Never-ending newbness

So, here’s my story: I’ve been playing fighting games since SF2:CE hit arcades. I’ve played, loved, and obsessively studied every iteration of SF2, and I’ve dabbled a bit in SF3:3S and CvS2, with a bit of Guilty Gear thrown in. I’ve got HSF2 on Xbox/PS2, the XBLA port of SF2:HF, and Mame ROMs of pretty much every fighting game currently playable on an emulator–and I’ve played the hell out of all of the above-mentioned stuff. I follow the tournament scene, I know who all the top players are (I even live right down the street from Sunnyvale Golfland, which is a nice place to check out some good competition… at least it used to be), and I can comprehend and recognize plenty of high-level tactics. I’ve even lurked on these forums for god knows how long–I’m not even sure when the last time I posted was (if ever). In short: I’ve played fighting games for 16 years, and I know the language of the genre pretty well.

The trouble is, in those 16 years, I’ve never been able to properly apply/execute any of this stuff in actual play. No matter how much I practice, or how many people I play against, or how many times I read Sirlin’s “Playing to Win” essays/book, I seem to lack what I can only guess is some sort of fundamental fighter’s instinct. In summary: I completely suck, and I’ve never figured out how to change that.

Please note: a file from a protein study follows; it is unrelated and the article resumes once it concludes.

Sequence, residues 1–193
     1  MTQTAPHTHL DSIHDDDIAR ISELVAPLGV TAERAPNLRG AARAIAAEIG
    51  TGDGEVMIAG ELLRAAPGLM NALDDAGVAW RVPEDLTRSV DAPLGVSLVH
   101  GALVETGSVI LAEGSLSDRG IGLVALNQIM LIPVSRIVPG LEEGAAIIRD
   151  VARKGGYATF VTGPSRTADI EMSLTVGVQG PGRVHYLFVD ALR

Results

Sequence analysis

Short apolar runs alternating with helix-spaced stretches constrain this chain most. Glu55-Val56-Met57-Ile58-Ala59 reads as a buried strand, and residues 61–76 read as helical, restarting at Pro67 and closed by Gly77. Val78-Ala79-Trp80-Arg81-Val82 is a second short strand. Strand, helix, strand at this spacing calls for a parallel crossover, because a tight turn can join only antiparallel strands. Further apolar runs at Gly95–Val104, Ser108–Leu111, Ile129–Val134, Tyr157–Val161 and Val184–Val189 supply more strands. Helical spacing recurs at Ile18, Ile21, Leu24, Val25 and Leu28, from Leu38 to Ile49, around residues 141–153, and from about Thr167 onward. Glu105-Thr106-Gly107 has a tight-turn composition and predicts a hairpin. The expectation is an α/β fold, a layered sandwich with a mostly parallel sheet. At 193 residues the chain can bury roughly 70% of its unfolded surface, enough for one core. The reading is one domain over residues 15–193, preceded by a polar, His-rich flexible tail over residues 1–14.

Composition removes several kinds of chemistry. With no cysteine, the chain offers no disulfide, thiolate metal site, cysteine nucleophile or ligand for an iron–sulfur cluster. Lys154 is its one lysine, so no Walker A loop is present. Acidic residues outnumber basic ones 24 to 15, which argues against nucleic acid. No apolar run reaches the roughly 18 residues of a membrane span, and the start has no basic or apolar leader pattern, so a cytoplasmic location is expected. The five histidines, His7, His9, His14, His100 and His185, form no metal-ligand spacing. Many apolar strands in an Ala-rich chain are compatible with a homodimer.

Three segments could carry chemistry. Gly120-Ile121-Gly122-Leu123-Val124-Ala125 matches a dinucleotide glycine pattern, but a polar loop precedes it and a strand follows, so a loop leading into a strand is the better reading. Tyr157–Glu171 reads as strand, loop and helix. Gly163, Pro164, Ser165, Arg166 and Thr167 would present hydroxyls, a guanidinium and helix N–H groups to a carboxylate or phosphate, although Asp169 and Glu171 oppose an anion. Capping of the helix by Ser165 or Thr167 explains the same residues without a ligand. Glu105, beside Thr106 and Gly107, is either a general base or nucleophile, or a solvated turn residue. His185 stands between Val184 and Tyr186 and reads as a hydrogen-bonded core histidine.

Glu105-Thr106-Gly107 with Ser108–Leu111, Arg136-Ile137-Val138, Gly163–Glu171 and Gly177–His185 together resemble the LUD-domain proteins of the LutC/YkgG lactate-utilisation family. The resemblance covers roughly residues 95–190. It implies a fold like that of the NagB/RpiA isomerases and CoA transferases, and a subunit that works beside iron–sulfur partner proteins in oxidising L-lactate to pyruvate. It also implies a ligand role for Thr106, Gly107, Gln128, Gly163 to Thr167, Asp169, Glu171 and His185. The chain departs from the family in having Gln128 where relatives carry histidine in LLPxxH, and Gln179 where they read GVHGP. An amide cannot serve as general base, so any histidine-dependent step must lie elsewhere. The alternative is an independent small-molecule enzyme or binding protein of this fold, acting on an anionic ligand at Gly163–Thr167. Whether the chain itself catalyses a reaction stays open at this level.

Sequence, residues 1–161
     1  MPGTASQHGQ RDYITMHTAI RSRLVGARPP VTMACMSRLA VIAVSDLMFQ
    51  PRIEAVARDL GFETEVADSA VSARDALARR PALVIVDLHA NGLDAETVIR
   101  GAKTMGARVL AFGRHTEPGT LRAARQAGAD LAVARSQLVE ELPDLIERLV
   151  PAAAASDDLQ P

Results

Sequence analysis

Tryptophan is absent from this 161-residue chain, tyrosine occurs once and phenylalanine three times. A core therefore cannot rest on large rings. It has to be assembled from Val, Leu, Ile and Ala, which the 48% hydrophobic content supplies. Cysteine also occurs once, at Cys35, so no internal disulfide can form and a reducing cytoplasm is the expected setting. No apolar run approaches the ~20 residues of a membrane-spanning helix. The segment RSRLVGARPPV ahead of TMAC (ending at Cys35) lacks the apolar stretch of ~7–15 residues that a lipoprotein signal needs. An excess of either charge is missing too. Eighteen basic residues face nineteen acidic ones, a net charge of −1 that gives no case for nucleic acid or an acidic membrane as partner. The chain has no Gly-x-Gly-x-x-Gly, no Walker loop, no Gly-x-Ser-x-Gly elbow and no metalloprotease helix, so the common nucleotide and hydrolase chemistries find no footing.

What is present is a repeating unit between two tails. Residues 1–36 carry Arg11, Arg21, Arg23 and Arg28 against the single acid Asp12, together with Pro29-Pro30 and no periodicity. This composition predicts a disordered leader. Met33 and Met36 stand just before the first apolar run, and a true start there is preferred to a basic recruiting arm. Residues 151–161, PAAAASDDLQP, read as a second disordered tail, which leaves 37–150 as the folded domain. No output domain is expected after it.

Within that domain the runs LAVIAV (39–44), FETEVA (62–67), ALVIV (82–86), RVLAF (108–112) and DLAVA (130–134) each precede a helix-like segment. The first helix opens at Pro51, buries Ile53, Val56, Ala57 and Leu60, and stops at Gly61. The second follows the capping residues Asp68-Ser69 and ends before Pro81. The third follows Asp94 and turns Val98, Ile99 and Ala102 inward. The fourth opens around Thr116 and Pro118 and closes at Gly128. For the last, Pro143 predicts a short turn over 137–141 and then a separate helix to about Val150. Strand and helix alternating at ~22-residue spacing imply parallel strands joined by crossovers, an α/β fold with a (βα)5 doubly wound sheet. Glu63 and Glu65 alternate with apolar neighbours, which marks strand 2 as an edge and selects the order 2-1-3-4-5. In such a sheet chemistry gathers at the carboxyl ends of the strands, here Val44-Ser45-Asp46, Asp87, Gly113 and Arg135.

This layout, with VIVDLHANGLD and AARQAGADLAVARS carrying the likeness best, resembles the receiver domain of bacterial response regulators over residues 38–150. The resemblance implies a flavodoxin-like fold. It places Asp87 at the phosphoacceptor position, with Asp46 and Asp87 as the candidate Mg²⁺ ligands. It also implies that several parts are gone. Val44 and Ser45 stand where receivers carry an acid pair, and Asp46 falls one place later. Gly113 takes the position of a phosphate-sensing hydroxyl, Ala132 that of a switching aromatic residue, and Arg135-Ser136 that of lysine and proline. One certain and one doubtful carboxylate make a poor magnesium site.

My main game of choice over the years has been ST, and I’ve always gravitated toward Ryu (ditto with HF… and Ken’s my default guy on 3S), with a bit of Guile here and there. Perhaps my choice of characters just don’t fit my habits; I dunno. I guess that’s why I’m posting this–in the faint hope that someone out there can help me identify whatever is obstructing any and all forward progress. :slight_smile:

This probably belongs in domination 101 or ST strategy zone.